"Joe the Plumber" isn't a plumber - at least not a licensed one, or a registered one.
A check of state and local licensing agencies in Ohio and Michigan shows no plumbing licenses under Samuel Joseph Wurzelbacher's name, or even misspellings of his name.
Last night, his name, "Joe the Plumber," came up about two dozen times in the debate between Mr. Obama and Republican nominee John McCain.
Sine last night Mr. Wurzelbacher who lives alone with his 13-year-old son has been besieged with local and national news media, willingly granting interviews.
Mr. Wurzelbacher told reporters Thursday morning that he worked for Newell Plumbing & Heating Co., a small local firm whose business addresses flow back to several residential homes, including one on Talmadge Road in Ottawa Hills.
According to Lucas County Building Inspection records, A. W. Newell Corp. does maintain a state plumbing license, and one with the City of Toledo, but would not be allowed to work in Lucas County outside of Toledo without a county license.
Mr. Wurzelbacher said he works under Al Newell's license, but according to Ohio building regulations, he must maintain his own license to do plumbing work.
He is also not registered to operate as a plumber in Ohio, which means he's not a plumber.
Mr. Wurzelbacher said he was hired by Mr. Newell six years ago and that the possibility of him eventually buying the company was discussed during his job interview.
He said it's his understanding he can work under Mr. Newell's license as long as the licensed contractor works on the same site.
Mr. Wurzelbacher said he is working on taking the Ohio plumbing contractors' license test.
Mr. Wulzerbacher's notoriety has raised the ire of Tom Joseph, business manager for Local 50 of the United Association of Plumbers, Steamfitters, and Service Mechanics, who claimed that Mr. Wulzerbacher didn't undergo any apprenticeship training.
"When you have guys going out there with no training whatsoever, it's a little disreputable to start with," Mr. Joseph said. "We're the real Joe the Plumber."
Mr. Joseph said Mr. Wulzerbacher could only legally work in the townships, but not in any municipality in Lucas County or elsewhere in the country.
"This individual has got no schooling, no licenses, he's never been to a training program, union or non-union, in the United States of America," Mr. Joseph said.
The association has endorsed Barack Obama, according to Mr. Joseph.
Questions were raised Thursday morning whether Mr. Wurzelbacher is a registered voter.
Linda Howe, executive director of the Lucas County Board of Elections, said a Samuel Joseph Worzelbacher, whose address and age match Joe the Plumber's, registered in Lucas County on Sept. 10, 1992. He voted in his first primary on March 4 of this year, registering as a Republican.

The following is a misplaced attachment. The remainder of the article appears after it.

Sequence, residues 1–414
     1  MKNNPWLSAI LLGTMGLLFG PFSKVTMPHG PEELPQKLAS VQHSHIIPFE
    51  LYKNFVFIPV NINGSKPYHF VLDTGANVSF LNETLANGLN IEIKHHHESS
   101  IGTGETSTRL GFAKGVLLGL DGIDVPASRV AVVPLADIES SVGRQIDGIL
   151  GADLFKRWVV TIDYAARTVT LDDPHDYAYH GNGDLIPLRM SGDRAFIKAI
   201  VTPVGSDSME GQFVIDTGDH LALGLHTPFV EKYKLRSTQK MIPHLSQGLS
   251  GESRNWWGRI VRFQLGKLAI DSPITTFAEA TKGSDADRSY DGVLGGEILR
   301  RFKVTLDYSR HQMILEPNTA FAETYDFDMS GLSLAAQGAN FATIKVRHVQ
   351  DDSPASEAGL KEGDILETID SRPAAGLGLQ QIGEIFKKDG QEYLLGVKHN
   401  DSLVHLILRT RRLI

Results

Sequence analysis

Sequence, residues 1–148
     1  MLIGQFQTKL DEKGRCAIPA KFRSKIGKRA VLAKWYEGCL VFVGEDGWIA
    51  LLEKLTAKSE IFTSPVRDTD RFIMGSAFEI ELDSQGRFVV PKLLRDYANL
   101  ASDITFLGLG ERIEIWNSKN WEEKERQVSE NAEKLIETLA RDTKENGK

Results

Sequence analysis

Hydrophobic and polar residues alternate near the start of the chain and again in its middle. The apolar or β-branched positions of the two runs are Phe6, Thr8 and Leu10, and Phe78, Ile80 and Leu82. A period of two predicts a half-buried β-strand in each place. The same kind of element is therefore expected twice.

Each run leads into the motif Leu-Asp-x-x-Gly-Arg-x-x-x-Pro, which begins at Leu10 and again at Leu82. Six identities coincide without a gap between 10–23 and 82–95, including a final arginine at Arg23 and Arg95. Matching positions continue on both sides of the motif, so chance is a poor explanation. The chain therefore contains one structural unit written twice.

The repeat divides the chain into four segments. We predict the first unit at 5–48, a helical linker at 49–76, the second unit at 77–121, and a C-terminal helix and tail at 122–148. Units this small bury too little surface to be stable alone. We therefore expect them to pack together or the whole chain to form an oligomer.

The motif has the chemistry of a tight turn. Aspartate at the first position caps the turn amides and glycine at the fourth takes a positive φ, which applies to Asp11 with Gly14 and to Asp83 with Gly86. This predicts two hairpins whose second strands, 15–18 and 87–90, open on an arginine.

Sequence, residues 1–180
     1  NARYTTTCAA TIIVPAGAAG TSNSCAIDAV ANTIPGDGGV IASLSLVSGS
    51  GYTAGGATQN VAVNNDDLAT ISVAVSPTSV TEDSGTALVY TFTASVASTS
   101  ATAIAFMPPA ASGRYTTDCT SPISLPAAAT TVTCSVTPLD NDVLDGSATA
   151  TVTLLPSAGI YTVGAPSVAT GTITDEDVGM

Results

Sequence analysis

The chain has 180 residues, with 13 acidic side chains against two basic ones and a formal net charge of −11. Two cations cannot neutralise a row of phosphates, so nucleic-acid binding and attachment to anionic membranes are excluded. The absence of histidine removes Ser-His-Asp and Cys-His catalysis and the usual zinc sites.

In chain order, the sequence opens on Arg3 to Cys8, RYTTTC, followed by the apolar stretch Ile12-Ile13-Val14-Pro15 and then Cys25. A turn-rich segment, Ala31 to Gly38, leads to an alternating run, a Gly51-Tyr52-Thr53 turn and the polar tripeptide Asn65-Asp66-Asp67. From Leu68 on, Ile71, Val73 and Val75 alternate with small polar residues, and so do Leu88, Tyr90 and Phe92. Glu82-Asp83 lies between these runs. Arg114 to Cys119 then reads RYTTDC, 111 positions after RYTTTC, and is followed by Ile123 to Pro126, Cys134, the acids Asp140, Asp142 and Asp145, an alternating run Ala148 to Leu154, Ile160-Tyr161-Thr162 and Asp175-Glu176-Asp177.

Ms. Howe said that the name may be misspelled in the database.
Mr. Wurzelbacher, 34, acknowledged during an interview at his home late Thursday morning that he knows he's "a flash in the pan," after his fame spread for an impromptu debate he had in front of his Springfield Township home with Mr. Obama last Sunday.
Mr. Wurzelbacher said he objects to Mr. Obama's plans to raise income taxes on incomes above $250,000. He said he makes no where near that much money but he would not say how much he makes or if he ever expects to make $250,000. Court records from a divorce show Mr. Wurzelbacher made $40,000 in 2006.
He said, "Is it right to take someone's money because they work a little harder? It's taking away from someone's hard work."
Mr. Wurzelbacher said he disagrees with the idea of people being taxed at a higher rate because they earn more.
"They're going to take more of your money because you've been more successful," he said.
In December, 2007, the Ohio Department of Taxation placed a lien against him because $1,183 in personal property taxes had not been paid, but there has been no action in the case since it was filed.
Mr. Wurzelbacher was playing football in his front yard with his son, Joey, on Sunday afternoon when Mr. Obama made an unscheduled stop to go door to door greeting voters and asking for their support.
In his conversation with Mr. Wurzelbacher, Mr. Obama tried to justify his plan tax breaks to 95 percent of Americans and raise taxes on incomes above $250,000.
Mr. Obama said his plan would improve the economy for other people trying to get a start in small business, and "spread the wealth."
The phrase was quickly picked up by conservative bloggers and commentators saying it reveals a desire to redistributed wealth on the part of Mr. Obama.
During that same conversation, Mr. Wurzelbacher advocated a flat tax to Mr. Obama under which everyone would pay the same rate of tax which was a feature of Mike Huckabee's unsuccessful campaign for the Republican nomination this year.
Mr. Wurzelbacher said he was surprised by the spread the wealth phrase.
"That's a pretty socialist comment. Two-fifty ($250,000) is his number now. When is it going to be one fifty ($150,000), when it's going to be one hundred ($100,000)?"
He continued: "If you believe him, I would be receiving his tax cut," adding that he would not want the tax cut.
He won't say who he will vote for on Nov. 4, but did say he likes Republican vice presidential candidate Sarah Palin.
He said he was born in the Toledo area, lived until he was 13 in the Florida Panhandle area, went to Springfield High School, and then entered the U.S. Air Force. He was stationed at an Air Force base in Alaska from 1992 until 1995. He said he was honorably discharged.
Mr. Wurzelbacher also said he lived in Arizona from 1997 until 2000.